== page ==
|Oy, did I blow it!|
Until last week, Stephanie was a staff cartoonist for The Daily Texan, the campus/city newspaper for the University of Texas, Austin. Then she drew her take on the Feb. 26 shooting death of Trayvon Martin, a teenager in Sanford, Fla, and the newspaper discontinued her services. (Here's another view of her take.)
You know the Trayvon Martin story, because we're all awash in the fallout of its controversy: George Zimmerman, described as a white Latino and a Neighborhood Watch captain in a gated community, told police he shot the unarmed Martin, who is black, in self defense. What really happened remains in dispute; critics say that Zimmerman chased Martin down and shot him, which may have violated "stand your ground" laws designed to protect citizens under attack. Zimmerman says Martin attacked him. Protests demanding Zimmerman's arrest spread across the country.
The incident is a newflash point over race relations, racial prejudice, lingering unresolved issues of institutionalized injustice, and general angst over the safety of children and teens. The hooded sweatshirt quickly became its symbol.
Stephanie Eisner was trying to add a meaningful tangent to the fierce expanding dialogue over the shooting. Her attempt backfired, went viral and public, and only fueled more rage.
The cartoon — which The Daily Texan editorial board approved — depicts a mom (?) reading a story to her child (?) from a book, "Treyvon (sic) Martin and the Case of Yellow Journalism."
"AND THEN the BIG BAD WHITE man killed killed the HANDSOME, sweet, innocent COLORED BOY!!," the mom tells the child, aghast.
Eisner was trying to say — at least, I infer — that many of news and entertainment media went immediately to stereotypes in the early going, typical in a rush to report. Rather than exhibit patience and care, or an examination of nuance and uncertainties, the media made this a simple black-and-white (literally and figuratively), good vs. evil story. Thoughtful, thorough reporting and meta-reporting comes later, as in this case, but often too late to ameliorate the results of the first news.
Pundits opine on the first news, sometimes idiotically, as in this case. Other pundits opine on the idiocy of the first pundits, and so it goes. Anger lingers.
Many readers regarded Eisner's point as endorsing the perpetuation of racist stereotypes and slurs — because she used slurs and stereotypes to make the opposite point.
I know how she feels, having drawn a cartoon for the Mustang Daily, my college newspaper — freelancing after I graduated. The 'toon blew up in my face and embarrassed the newspaper. That's the awful thing at the top of this post.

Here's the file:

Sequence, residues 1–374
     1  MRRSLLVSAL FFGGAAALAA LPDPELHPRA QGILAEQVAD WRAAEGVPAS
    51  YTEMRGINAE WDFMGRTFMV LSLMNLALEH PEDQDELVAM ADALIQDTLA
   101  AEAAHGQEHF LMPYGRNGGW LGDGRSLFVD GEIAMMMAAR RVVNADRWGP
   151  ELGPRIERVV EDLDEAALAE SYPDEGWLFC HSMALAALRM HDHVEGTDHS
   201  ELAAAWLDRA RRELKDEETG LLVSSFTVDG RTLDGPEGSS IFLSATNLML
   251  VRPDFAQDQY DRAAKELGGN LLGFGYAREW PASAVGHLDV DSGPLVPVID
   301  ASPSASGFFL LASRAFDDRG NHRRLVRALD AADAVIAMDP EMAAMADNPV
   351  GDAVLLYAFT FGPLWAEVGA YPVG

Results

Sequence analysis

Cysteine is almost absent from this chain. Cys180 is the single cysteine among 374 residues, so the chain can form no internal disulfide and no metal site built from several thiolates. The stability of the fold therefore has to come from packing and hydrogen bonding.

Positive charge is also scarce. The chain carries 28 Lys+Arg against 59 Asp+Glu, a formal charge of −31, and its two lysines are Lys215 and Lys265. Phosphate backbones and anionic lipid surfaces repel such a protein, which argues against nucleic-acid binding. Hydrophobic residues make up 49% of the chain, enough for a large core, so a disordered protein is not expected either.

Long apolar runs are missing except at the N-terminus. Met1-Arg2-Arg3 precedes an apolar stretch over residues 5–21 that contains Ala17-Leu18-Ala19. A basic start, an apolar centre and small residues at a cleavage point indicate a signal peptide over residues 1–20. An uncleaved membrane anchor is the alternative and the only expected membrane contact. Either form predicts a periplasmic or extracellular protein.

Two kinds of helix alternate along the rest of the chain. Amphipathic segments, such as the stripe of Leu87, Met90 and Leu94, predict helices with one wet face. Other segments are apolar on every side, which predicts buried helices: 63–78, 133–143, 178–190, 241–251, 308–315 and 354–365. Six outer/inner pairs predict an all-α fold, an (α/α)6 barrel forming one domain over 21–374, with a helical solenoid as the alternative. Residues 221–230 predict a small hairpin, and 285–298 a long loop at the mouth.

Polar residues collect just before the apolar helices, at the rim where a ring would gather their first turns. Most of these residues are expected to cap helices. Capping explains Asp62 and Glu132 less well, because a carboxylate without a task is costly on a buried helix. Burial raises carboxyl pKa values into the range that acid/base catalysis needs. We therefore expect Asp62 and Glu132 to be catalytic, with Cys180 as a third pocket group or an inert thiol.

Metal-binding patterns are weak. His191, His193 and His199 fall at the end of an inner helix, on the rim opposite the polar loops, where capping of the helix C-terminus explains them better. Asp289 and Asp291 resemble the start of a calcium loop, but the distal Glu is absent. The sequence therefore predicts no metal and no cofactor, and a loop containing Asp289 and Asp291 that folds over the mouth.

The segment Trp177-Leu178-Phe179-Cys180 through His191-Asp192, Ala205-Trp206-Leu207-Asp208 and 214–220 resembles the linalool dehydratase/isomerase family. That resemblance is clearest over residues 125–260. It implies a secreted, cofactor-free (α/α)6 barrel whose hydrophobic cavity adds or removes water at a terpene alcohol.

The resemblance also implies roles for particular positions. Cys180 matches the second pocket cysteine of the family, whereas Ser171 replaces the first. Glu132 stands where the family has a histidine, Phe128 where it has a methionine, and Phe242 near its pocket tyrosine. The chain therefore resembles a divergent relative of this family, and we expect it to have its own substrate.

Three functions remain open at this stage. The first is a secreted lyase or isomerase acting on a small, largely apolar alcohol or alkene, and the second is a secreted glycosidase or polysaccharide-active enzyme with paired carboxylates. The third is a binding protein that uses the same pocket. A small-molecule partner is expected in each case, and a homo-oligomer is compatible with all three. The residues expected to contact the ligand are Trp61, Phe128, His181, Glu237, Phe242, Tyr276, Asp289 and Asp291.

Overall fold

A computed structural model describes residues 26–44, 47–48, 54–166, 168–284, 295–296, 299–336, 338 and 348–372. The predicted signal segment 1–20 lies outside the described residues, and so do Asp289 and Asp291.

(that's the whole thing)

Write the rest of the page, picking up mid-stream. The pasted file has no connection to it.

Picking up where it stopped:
What I was trying to do — and the fact that I still have to explain it means I could and should have done a much better job — is restate George Santayana's aphorism, "Those who cannot remember the past are condemned to repeat it:"
If we don't study the effects of racism that happened before us, if we don't appreciate the harm our discriminatory thought and action — and inaction — can do, then we are not prepared to improve our communities and are apt to continue harm.
That's what I was trying to say.
I even ladled on the irony by having one of the vandals run off to a history test. No specific incident prompted this cartoon; more likely I was trying to employ the Martin Luther King Jr. holiday as a spotlight on ever-lingering issues of racial tension and the potential for the college audience to ignore lessons of the past. I trusted readers to realize I was exaggerating to make my point. No one at Cal Poly was burning crosses or painting racist rants on walls at the time.
In my cartoon, Martin Luther King is supposed to be an ethereal figure formed out of the smoke of the burning cross. But the way I drew him, he looks more like a flesh-and-blood giant, inexplicably plugged waist deep into the earth, the smoke sooting his skin and suit.
But the thing that gutted this 'toon — the tiny detail that made its message the opposite of my intent — is the graffiti on the wall. Well, really just n-word.
The newspaper ran the cartoon. Students and faculty wrote letters, all of which I probably tossed long ago. The letters said what you would expect: How dare he! Is this the kind of person we should have at this university? Fire the cartoonist! I'm boycotting the newspaper! Fire everyone involved with this disgrace.
I understood this much about their anger: I hadn't been clear. It's as if the writers saw only those small words at the geographic center of the cartoon, and regarded all the other elements as a doodly, meaningless frame. They received those words — that one word — as my message.
I wrote an apology at the editor's request. The fact that I had to write an apology meant I had not done my job, which was to be so crystalline in my opinion that the work stood on its own. Probably my relationship as a guest cartoonist for the Mustang Daily ended shortly after.
Why did I toss the angry letters? Pain, I guess. But if I was going to become an editorial cartoonist, I had to be ready for rock throwing, and gather up all the rocks thrown. Good editorial cartoonists want people to react to their work, maybe to get angry, maybe to laugh sardonically, but in some way to be moved to act — to write a harsh letter to the editor, to support the candidate or cause, to consider another argument.
Like Stephanie Eisner, though, I wanted readers to react to what I meant to say.
RIP: Rex Babin, editorial cartoonist for The Sacramento Bee, passed away last week at 49 from stomach cancer. He had a unique sketchy, stoccato drawing style, and was adept at exposing President George W. Bush and California Governor Arnold Schwarzenegger for what they were.